Updated Feb. 25, 8:02 p.m.
Columbia College Student Council issued a formal apology to both the Black Students' Organization and students of color at Columbia following controversy over a proposal looking to address issues of race and diversity.
BSO members had attended CCSC's general body meeting on Sunday to express frustration about technical errors made in the document, as well as to challenge the fact that groups representing underrepresented minorities were not given a chance to participate in the authoring of the proposal. The document was authored by Pre-Professional Representative Chris George, CC '17, on behalf of the council and presented to Dean of Columbia College James Valentini as one of the five most critical issues facing Columbia College students.
CCSC's apology, which was released on Tuesday night, addressed several key issues raised by BSO at Sunday's meeting.
The council recognized that BSO and other student groups should have been involved in the authoring of the proposal and called for a broader conversation about minority safe spaces to take place, adding that the council's initial proposition to expand access to the Malcolm X Lounge—a suggestion that BSO had expressed concern over on Sunday—was based on student responses to a school-wide survey.
CCSC also admitted that it had erroneously proposed some ethnic studies classes to be added to the Global Core requirement when these classes already may fulfill the requirement. The error was attributed to an editing mistake.
The statement brought up that CCSC had reached out to BSO in early February, and said that it wasn't enough time to allow for a thoughtful response.
"Moving forward, we'll be redrafting the proposal on race and diversity and we'll be involving students of color more directly in that process. We'd like to thank the students of BSO for keeping us accountable as we should be," the statement said.
The statement can be read in full here:
On Sunday, members of the Black Students' Organization (BSO) visited our general body meeting to discuss our proposal on Issues of Race and Diversity. They alerted us to two main types of failures on our part: (1) technical errors in the content of the actual proposal and (2) our lack of effort in reaching out to students of color to solicit input while drafting it. We're deeply sorry for both the content errors and our failure to properly reach out to marginalized students.
The idea, which BSO objected to, under the proposal's subsection "Improve Accessibility to and Expansion of Safe Spaces for Minority Students" that the Malcolm X Lounge be made accessible to more students of color was based on responses to our school-wide survey in which some students of color suggested that the Malcolm X Lounge be more accessible to marginalized students outside of the few student groups, including BSO, that currently have access to it. These survey responses alongside Sunday's discussion with BSO show that there is clearly a broader conversation to be had about spaces for minority students on campus. In addition to soliciting survey responses, we should have reached out to have that discussion with BSO and other marginalized students.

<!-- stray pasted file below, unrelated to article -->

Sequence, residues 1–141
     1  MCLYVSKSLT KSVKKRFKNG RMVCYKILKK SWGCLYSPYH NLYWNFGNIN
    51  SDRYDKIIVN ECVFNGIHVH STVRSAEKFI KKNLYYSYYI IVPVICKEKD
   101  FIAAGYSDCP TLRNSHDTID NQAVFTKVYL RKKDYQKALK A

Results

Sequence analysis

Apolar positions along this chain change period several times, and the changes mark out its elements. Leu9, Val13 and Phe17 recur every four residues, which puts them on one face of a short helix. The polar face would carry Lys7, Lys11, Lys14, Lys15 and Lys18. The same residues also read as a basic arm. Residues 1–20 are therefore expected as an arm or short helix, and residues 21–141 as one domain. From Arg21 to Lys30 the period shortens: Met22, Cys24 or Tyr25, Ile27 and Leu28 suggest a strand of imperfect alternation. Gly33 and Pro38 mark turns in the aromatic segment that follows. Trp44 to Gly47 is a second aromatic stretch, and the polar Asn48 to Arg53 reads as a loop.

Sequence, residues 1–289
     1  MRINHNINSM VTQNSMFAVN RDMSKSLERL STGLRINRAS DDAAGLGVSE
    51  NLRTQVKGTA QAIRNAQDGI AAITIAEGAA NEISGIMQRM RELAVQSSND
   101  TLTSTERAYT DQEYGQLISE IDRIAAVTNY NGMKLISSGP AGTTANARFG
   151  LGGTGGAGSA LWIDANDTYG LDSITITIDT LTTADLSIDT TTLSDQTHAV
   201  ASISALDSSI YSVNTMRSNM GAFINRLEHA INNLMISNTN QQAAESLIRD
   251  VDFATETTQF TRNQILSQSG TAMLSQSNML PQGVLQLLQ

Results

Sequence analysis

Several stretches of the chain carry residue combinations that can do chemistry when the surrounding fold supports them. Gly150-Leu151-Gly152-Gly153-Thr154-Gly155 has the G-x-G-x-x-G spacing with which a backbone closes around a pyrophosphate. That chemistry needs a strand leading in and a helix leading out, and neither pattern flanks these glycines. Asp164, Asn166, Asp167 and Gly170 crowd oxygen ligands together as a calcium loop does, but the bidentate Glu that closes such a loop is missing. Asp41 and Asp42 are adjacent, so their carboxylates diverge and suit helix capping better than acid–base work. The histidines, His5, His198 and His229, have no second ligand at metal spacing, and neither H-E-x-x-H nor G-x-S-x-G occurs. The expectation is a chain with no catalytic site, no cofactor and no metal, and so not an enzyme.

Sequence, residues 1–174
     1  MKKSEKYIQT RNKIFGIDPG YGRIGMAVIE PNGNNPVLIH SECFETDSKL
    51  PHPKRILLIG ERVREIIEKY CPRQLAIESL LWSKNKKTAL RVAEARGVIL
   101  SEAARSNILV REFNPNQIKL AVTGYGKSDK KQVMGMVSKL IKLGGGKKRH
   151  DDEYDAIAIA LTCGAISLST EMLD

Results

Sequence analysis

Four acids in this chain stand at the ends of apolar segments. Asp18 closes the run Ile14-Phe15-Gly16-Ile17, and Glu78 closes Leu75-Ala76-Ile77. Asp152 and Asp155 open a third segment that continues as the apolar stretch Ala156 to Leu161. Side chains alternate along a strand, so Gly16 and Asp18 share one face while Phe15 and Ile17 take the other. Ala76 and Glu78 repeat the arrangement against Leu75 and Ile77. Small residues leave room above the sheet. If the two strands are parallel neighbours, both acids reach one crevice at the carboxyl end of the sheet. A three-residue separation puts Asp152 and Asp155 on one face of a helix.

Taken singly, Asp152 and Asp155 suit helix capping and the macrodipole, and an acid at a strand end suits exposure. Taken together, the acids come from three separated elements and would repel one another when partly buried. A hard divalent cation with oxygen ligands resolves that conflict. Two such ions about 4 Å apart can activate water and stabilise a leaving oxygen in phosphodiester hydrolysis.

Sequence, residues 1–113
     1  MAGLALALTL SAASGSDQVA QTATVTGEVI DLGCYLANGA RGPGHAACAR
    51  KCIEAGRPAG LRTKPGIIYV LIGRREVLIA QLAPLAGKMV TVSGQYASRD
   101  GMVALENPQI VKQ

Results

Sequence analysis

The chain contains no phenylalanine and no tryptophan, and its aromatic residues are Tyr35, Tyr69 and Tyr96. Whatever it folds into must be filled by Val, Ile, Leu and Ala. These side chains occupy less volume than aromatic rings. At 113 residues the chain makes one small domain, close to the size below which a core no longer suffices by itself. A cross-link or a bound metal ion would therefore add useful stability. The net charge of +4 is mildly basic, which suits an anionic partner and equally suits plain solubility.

Under the subsection "Ethnic Studies Component of the Global Core," we included as examples two classes that were already available to count toward the Global Core requirement. In early drafts, these two classes were actually included as classes that currently do count for the Global Core and as the type of Global Core class that there should be more of. That doesn't excuse the error - but it does mean that it was an editing error, not a flagrant oversight in research.
These mistakes shouldn't have happened; we're sorry they did, and we'd like to thank the students of BSO for drawing our attention to them. Moreover, they would have been caught and avoided if we had properly solicited input from students of color in the first place. The extent of our outreach for the Issues of Race and Diversity proposal consisted of (1) the school-wide survey sent out by President Ben Makansi twice in December which allowed students to describe the most important issues that they face and whose responses we weighted heavily, and (2) Reaching out to the President of BSO in early February, which didn't allow enough time for a thoughtful response.
We collectively put in countless hours to combing through over 100 detailed survey responses and tried to craft demands based on those responses and our own research on them. For issues like academics, advising and administrative transparency, this process makes sense. However, we should have known that relying on survey responses and reaching out so late in the process were insufficient in addressing something as complex and important as race and diversity. Moreover, we should have reached out to other marginalized student groups in addition to BSO because the totality of the experience of students of color on campus cannot be fully encompassed by the opinions of one student group.
Again, we sincerely apologize for the blunders in the content of the proposal and the lack of involvement of marginalized students in drafting it. Students of color, precisely because they are marginalized, should have been actively reached out to in greater number from the beginning. Moving forward, we'll be redrafting the proposal on race and diversity and we'll be involving students of color more directly in that process. We'd like to thank the students of BSO for keeping us accountable as we should be.